(Reuters) – The Brazilian central bank has effectively suspended a newly introduced system that allows Facebook's WhatsApp messaging service to send money via chat, instructing Visa and Mastercard to stop payments and transfers through the system.
The central bank said in a statement that the introduction of the service without prior analysis by the monetary authority could harm the Brazilian payment system in terms of competition, efficiency and data protection.
The system, launched last week as part of a nationwide rollout, allowed users to transfer money to individuals or local businesses in a chat, and to attach payments like a photo or video.
The move by the central bank is the recent payment backlash for Facebook owner, who has withdrawn its plans for a global payment system called Libra after fierce opposition from regulators. WhatsApp has over 120 million users in Brazil, the second largest market after India, where it has also had difficulty introducing a payment system.
If Visa and Mastercard did not match the order, they would face fines and administrative sanctions, the statement said.
A WhatsApp spokesman said the messaging service will continue to work with “local partners” and the central bank to provide digital payments to its users in Brazil. A business model is used that is open to more participants and would address the regulatory authority's concerns about market concentration.
The Tuesday before the Visa and Mastercard operations with WhatsApp ceased, the central bank said market participants might need prior approval to operate payments.
WhatsApp started its service in Brazil without applying for central bank approval because it acted as an intermediary between consumers and financial institutions.
Some observers called the regulator's decision an overreaction, while others said WhatsApp was a potential risk in terms of market concentration and data protection.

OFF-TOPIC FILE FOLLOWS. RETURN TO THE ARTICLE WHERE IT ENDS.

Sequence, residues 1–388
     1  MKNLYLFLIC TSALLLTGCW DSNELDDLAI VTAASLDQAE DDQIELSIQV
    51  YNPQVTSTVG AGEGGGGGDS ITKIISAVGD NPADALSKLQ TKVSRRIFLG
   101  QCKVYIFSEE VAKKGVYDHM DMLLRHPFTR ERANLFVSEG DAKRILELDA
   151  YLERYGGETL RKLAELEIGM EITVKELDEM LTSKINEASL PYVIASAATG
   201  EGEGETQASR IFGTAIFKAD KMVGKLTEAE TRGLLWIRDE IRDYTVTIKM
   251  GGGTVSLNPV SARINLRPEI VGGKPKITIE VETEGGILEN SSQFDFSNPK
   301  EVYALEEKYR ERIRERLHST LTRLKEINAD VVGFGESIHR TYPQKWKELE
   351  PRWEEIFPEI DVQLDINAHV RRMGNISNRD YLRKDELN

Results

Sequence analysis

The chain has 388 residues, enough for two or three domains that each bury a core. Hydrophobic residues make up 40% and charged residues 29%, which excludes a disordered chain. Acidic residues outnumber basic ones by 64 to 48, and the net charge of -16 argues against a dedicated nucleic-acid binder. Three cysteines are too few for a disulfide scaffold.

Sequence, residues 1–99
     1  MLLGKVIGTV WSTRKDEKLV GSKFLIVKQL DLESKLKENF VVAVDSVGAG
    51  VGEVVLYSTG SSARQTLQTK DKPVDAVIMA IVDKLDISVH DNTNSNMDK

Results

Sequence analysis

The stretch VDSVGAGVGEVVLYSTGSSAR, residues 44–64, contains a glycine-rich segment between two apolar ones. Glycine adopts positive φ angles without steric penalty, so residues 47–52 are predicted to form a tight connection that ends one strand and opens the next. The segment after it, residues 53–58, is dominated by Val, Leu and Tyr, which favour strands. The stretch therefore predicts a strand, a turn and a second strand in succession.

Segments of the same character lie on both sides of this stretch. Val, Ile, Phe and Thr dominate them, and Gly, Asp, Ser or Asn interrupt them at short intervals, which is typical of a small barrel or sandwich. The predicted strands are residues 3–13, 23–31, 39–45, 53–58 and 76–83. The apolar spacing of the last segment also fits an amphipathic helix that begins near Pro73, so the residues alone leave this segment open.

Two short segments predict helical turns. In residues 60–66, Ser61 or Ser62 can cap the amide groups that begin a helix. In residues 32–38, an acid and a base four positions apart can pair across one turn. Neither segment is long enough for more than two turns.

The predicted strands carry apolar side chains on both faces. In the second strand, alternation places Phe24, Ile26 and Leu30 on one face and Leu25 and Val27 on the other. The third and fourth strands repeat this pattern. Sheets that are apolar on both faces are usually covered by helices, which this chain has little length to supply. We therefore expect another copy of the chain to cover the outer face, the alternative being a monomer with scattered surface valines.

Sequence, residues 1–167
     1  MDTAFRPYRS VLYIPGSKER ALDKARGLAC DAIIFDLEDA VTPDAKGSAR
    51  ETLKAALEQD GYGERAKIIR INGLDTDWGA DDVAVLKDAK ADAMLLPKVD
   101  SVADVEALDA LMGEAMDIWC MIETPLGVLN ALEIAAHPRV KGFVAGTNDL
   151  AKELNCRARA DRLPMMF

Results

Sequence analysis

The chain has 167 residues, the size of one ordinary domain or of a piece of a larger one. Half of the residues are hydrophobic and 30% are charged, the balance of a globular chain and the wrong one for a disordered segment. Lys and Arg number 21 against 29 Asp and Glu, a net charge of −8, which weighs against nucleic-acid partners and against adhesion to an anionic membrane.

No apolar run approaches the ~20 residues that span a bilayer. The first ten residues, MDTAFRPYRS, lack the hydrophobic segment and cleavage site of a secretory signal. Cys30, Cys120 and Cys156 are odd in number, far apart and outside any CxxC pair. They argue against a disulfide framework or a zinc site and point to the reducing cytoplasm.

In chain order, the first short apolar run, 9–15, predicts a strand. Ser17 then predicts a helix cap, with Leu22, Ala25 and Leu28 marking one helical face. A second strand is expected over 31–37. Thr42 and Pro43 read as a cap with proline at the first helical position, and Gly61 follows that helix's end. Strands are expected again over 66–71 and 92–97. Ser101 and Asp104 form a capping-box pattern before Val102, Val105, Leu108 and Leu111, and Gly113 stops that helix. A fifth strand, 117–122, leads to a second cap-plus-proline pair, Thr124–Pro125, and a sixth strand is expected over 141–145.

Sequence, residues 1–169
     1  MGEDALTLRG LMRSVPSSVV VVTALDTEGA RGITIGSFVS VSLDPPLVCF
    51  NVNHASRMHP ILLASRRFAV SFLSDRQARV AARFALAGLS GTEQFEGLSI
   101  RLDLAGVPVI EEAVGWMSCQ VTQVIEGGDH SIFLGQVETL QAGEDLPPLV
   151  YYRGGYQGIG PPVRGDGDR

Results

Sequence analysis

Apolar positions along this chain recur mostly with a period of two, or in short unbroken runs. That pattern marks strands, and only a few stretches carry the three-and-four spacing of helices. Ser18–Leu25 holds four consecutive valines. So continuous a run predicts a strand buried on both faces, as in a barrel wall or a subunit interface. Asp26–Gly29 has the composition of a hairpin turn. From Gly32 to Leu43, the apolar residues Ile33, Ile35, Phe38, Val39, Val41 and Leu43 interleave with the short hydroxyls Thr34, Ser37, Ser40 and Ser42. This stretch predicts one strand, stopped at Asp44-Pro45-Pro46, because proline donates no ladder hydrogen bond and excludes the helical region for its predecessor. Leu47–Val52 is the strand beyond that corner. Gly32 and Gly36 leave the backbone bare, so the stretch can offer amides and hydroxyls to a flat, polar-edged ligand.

"It is somewhat strange that the central bank has decided to suspend WhatsApp because the regulator can already monitor all market participants who have joined WhatsApp," said Carlos Daltozo, co-head of equities at Eleven Financial. "WhatsApp is also open to new partnerships."
WhatsApp started its business in Brazil in collaboration with the fintech company Nubank, the state-controlled lender Banco do Brasil SA (BBAS3.SA), Visa, Mastercard and the lender Sicredi.
In a separate setback for the company on Tuesday, Brazilian cartel keeper Cade blocked WhatsApp's partnership with credit and debit card operator Cielo to process payments.
Since Cielo is already Brazil's largest payment processor, partnering with the largest messaging service could pose a market concentration risk, said Cade. Cielo's shares were up 30% on the day WhatsApp announced its payment service in Brazil.
The move by the central bank comes as the regulator prepares to launch its own instant payment system, Pix, in November, with more than 980 participants participating.
"It's complicated when the regulator also becomes an actor and appears to be more concerned about their own payment system," said a source from a financial institution that worked with WhatsApp.
The WhatsApp spokesman said the company was determined to work with the central bank to integrate systems as soon as Pix became available.
Private banks were also wary of opening up valuable customer data to technology giants like Facebook. Some executives have highlighted security issues and lack of accountability when a transaction goes wrong.
Mastercard said it would comply with central bank regulations and continue to develop an innovative payment environment. Facebook and Visa did not immediately respond to requests for comments. Cielo declined to comment.
(Reporting by Carolina Mandl in Sao Paulo and Isabel Versiani in Brasilia. Additional reporting by Tatiana Bautzer, Gabriela Mello, Aluisio Alves, Katie Paul and Gabriel Pontes. Edited by Lisa Shumaker and Sam Holmes.)